COVID-19 Relief Bangalore is currently organising a crowdfunding campaign that you can contribute to on Ketto.

Bengaluru college alumni groups and NGOs raise Rs 40 lakh for daily wage workers
Coronavirus Coronavirus Friday, April 10, 2020 - 11:45

On March 27, a couple of days into the 21-day lockdown, Aparna Ponnappa, President of XLBang, the Bengaluru chapter of alumni of XLRI, one of India’s top management schools, sent a message on their WhatsApp group. “There are a lot of blue tented settlements in Bengaluru inhabited by daily wage labourers. They are running out of food supply,” she pointed out. There were three such families around where she lived. “Can we crowdfund and supply them with staples for a week?” she asked.

In about two weeks, Rs 40 lakh and staples for 12,000 daily-wagers and migrant worker families in the city were collected, says Vasanthi Srinivasan, a professor at Indian Institute of Management (IIM) Bengaluru. She is the spokesperson of COVID-19 Relief Bangalore, a group that resulted from these efforts. It comprises people from various college alumni associations, volunteers and non-governmental organisations (NGOs), prominently, Diya Ghar, an NGO that runs preschools and daycare centres for children of construction workers.

“In a series of messages after that [first one by Aparna], many alumni with experience and expertise in grassroots work began to provide contacts at both ends: those in the corporate sector who could supply staple food items for a cost or for free; and those individuals and organisations that could ensure speedy distribution to the families in need,” Vasanthi says.

As word spread, apart from XLRI alumni, those from the Indian Institute of Mass Communication (IIMC) and Faculty of Management Studies (FMS) also joined in the relief efforts. NGOs such as Diya Ghar, Youth Feed India, Safa, Rotary Bangalore Indiranagar, Hasiru Dala and PotHoleRaja also provided support. Metro Cash and Carry, a wholesale chain, has also joined them as partners.

“Friends in the corporate sectors have pooled in resources - their network and relationships, and even helped set up teams for rapid and seamless execution. There is efficiency in procurement, supply chain, storage, distribution, identifying needs through public participation and NGO networks now. A team is managing requirements [of the families in need] and distribution while another is managing funds raised through individuals and institutions,” Vasanthi explains.

Care Kits to families

Since states and districts went on to seal their borders, those at COVID-19 Relief Bangalore had to secure supplies for their ‘Care Kits’ locally. A standard Care Kit has 10 kg rice, 2 kg dal, 3 kg potatoes (if available), 2 kg cooking oil, 1 kg salt and a 500 g packet of sambar powder. The idea was that one Care Kit should be able to sustain one family of about four to five people for a week.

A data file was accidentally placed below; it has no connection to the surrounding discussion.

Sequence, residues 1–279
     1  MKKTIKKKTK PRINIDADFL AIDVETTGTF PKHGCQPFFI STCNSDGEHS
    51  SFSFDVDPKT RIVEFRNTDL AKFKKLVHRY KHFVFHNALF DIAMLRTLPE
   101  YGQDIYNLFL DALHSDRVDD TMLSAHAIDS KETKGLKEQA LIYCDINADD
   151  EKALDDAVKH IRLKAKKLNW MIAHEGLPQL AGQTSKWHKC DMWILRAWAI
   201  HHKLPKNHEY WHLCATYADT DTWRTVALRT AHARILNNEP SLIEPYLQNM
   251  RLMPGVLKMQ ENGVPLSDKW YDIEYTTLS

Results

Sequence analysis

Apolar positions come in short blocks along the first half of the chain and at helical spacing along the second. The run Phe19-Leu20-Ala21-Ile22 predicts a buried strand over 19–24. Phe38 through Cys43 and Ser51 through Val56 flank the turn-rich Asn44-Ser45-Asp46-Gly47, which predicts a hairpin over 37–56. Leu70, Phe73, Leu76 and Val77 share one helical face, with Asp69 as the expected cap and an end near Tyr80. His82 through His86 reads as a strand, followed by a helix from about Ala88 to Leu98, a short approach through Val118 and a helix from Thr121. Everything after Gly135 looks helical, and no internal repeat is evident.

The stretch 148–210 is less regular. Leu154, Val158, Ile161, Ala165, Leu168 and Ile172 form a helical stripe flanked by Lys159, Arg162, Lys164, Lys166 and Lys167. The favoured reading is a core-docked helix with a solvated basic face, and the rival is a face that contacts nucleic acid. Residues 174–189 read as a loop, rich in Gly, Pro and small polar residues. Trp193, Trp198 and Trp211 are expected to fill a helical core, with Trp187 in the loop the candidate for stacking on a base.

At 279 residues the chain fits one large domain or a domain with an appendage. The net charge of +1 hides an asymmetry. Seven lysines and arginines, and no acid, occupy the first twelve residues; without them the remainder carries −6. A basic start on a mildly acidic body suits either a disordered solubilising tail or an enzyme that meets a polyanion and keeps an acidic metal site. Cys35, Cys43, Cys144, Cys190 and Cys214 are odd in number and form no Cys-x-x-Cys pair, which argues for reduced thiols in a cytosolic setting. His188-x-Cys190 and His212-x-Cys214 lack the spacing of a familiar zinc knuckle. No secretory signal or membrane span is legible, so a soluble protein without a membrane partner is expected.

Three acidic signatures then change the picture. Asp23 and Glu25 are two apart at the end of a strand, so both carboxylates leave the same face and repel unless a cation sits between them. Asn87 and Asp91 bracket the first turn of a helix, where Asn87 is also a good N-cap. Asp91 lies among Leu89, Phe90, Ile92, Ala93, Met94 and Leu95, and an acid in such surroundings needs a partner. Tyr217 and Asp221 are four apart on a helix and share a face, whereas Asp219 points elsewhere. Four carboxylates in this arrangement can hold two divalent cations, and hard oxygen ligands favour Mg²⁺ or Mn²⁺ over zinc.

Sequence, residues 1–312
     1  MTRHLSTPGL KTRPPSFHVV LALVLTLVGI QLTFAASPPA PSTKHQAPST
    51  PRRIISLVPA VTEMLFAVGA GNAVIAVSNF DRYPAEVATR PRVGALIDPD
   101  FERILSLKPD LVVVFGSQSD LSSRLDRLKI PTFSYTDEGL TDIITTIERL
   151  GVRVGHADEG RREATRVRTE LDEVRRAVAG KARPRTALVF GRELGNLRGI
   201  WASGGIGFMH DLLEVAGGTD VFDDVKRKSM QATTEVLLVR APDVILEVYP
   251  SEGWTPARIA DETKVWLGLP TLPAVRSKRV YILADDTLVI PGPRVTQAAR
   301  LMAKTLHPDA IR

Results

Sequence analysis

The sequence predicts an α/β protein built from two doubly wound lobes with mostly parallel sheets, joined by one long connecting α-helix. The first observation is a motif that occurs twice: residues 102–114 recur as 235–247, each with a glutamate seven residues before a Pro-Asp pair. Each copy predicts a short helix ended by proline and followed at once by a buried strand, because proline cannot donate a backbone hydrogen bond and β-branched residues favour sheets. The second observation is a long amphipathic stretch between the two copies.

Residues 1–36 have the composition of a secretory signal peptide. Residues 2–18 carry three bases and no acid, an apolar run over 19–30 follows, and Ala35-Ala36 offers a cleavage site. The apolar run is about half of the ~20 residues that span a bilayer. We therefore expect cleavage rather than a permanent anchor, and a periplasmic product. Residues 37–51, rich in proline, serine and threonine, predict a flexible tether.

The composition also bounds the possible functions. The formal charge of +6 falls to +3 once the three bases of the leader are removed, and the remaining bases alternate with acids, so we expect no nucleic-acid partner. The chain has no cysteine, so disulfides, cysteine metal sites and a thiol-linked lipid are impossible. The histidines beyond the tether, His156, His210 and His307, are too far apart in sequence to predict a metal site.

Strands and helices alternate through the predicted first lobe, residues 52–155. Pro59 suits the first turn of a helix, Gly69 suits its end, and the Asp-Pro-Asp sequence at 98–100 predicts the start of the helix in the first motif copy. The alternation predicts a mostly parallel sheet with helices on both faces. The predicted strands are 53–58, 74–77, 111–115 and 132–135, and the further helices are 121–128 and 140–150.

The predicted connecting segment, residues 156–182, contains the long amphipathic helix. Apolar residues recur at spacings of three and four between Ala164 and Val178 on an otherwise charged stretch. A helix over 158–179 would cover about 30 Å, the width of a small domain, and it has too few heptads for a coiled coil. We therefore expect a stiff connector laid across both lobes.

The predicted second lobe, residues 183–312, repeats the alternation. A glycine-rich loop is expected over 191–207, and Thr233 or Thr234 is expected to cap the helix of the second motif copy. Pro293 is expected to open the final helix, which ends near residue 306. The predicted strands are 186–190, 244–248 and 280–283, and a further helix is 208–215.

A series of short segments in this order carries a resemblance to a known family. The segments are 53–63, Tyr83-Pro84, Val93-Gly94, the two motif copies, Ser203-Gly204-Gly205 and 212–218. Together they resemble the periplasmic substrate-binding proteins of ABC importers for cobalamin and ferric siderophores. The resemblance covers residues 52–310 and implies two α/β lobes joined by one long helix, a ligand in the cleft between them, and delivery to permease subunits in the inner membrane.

“In total, we have bought more than 100 tonnes of various staples based on availability. We are making sure that good quality food reaches the people. Just a couple of days ago, we had a situation where we got bad potatoes and had to push that back,” Vasanthi says.

On average, the volunteers are distributing 2,500 Care Kits per day, and 16,500 have already been disbursed. Some of the areas where these Care Kits have been distributed are  Sulthangunta, Koramangala, Banashankari, JP Nagar, Gnanabharati, Vijaynagar, Padarayanapura, Gopalapura, Okalipuram, Chamrajpet, Basavanagudi, CV Raman Nagar, Indiranagar, Yemalur, Marathahalli, Kadugodi, Krishnarajapura, Kaikondrahalli and Electronic City.

Mobilising more funds

COVID-19 Relief Bangalore is trying to expand their operations to more areas. The challenge, however, has been to get people to notice the work they have been doing, in order to mobilise more funds. In terms of getting supplies, getting the requisite stocks at the right price and going from one market to another has been difficult.

“Currently, our challenge has been getting passes for volunteers and the last-mile distribution in the lockdown situation. We are doing the best we can with limited foot soldiers,” Vasanthi says.

However, the team members are hopeful as the Azim Premji Foundation, Seeds and a few other organisations have begun to partner with them, and hope to raise more funds. From surpassing the initial target of reaching out to 10,000 families, COVID-19 Relief Bangalore is looking to now help 40,000 families.

“This activity proves that in every humanitarian crisis, the power of community work uplifts the most vulnerable,” Vasanthi says.

Diya Ghar and XLRI alumni are running the crowdfunding campaign on Ketto. To contribute, click here.